It’s normal for dogs to pant a little and breathe a little heavier than usual – just like we do during a workout (or is that just me?).
But, there are signs to watch for to know when enough is too much.
- Excessive panting – often with a distended tongue.
- Very heavy breathing – If your pup is breathing heavy along with heaving, or if her breathing doesn’t go back to normal after a 15-minute break, then she’s done for the day.
- Walking slower – Most dogs want to be right beside their humans or a smidge in front. So, if your dog has fallen behind, then it’s time to turn around or be on your way back.
- Getting wobbly on their feet and possibly losing their balance.
- Limping or Lameness – If your pup is limping, check their paws for any cuts, but it’s possible they strained something from over-use.
- Licking feet – are his pad’s injured or irritated?
- A tucked tail – it might be time for a break if your pup’s tail isn’t up and wagging.
Keep in mind, a lot of dogs will keep going and going whether they are tired or not. It’s up to you to say enough is enough.
Heat and terrain are the two biggest factors in how far your dog can go – the hotter it is and/or the steeper the terrain, the less distance you’ll be able to safely trek.
How Do I Protect My Dog’s Paws When Hiking?
Your dog’s paws are extremely delicate – this is especially true for dogs who spend most of their time indoors.
If you plan on hiking over rocks that could be sharp, in super cold snow, or in temperatures above 70°F, it might be best to invest in a pair of doggie booties to protect their paws from cuts and scrapes.
Look for a boot that will snugly fit the paw. Something too small will cut off circulation, but too large could rub the paw and cause sores.
Allow your pup some time to adjust to wearing the boots before going out on a long hike. Some dogs are resistant.
If you don’t have boots, or your dog won’t tolerate them being on, start small with your hikes. Their paws will toughen over time.
While hiking, be sure to stop and check their paws regularly for cuts, scrapes, bruises or rocks stuck between their toes.
If you notice any cuts, keep it clean with water, disinfectant and gauze from the first aid pack, then watch for signs of infection once you get home.
While you want your dog to have tough paws, you don’t want them to get too dry or they will be more susceptible to cracking, peeling and cuts.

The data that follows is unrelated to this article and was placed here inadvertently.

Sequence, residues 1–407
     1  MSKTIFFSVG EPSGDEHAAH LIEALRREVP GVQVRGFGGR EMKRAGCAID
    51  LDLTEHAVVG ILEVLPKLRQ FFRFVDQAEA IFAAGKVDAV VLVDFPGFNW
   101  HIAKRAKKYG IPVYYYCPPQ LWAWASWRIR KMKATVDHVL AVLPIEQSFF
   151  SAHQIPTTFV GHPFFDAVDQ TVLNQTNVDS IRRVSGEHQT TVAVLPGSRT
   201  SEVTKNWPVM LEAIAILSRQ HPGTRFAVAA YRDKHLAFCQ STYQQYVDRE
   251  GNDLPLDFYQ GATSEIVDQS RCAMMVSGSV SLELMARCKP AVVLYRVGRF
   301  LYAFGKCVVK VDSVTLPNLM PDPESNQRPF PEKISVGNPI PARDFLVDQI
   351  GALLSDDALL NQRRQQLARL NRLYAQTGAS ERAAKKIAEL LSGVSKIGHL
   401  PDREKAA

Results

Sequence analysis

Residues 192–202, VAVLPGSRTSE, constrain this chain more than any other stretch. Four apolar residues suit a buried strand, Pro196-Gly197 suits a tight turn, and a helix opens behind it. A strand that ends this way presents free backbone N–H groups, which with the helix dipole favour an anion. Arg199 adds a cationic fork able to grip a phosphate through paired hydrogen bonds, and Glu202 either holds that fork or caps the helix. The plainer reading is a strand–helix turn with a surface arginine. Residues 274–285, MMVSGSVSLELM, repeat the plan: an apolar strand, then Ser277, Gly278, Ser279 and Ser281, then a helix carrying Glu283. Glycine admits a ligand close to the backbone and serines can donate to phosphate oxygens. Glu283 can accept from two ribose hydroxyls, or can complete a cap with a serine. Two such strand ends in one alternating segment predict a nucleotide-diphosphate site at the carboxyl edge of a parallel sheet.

Consider moisturizing your dog’s pads daily, especially in hot weather, to help prevent injuries and burns. Look for a treatment that is safe for dogs to lick.
Paw wax is another treatment to protect your pup from rough or hot surfaces.
Safety Tips for Hiking With Your Dog, Before Heading Out & About
- Make sure that your dog is up to date on his vaccinations and has a clear bill of health from your vet
- Ensure that your dog has a rabies tag on him
- Make certain that your contact info is on his collar or he’s microchipped
- Confirm that your dog is free of any open wounds that could be vulnerable to infection
- Make sure that your dog is current on necessary preventatives for fleas, ticks, and heartworms
- Do locate the nearest emergency vet clinic, just in case of any serious injury or illness while you’re out and about
15 Vital Tools of the Trade: What to Pack for Hiking With Your Dog
1. Water for both you and your companion
Overestimate how much water you’ll need, and bring along a silicone collapsible bowl to make drinking easy for your dog.
You’ll want to keep your pup from drinking from natural water sources in case of harmful organisms, so bringing water on your trek is of utmost importance.
2. Plenty of food for you and your dog
Opt for dry food with high protein and fat content. Bring treats/snacks in addition to their regular meals needed – they’ll need the extra calories from their extra exertion.
3. First aid kit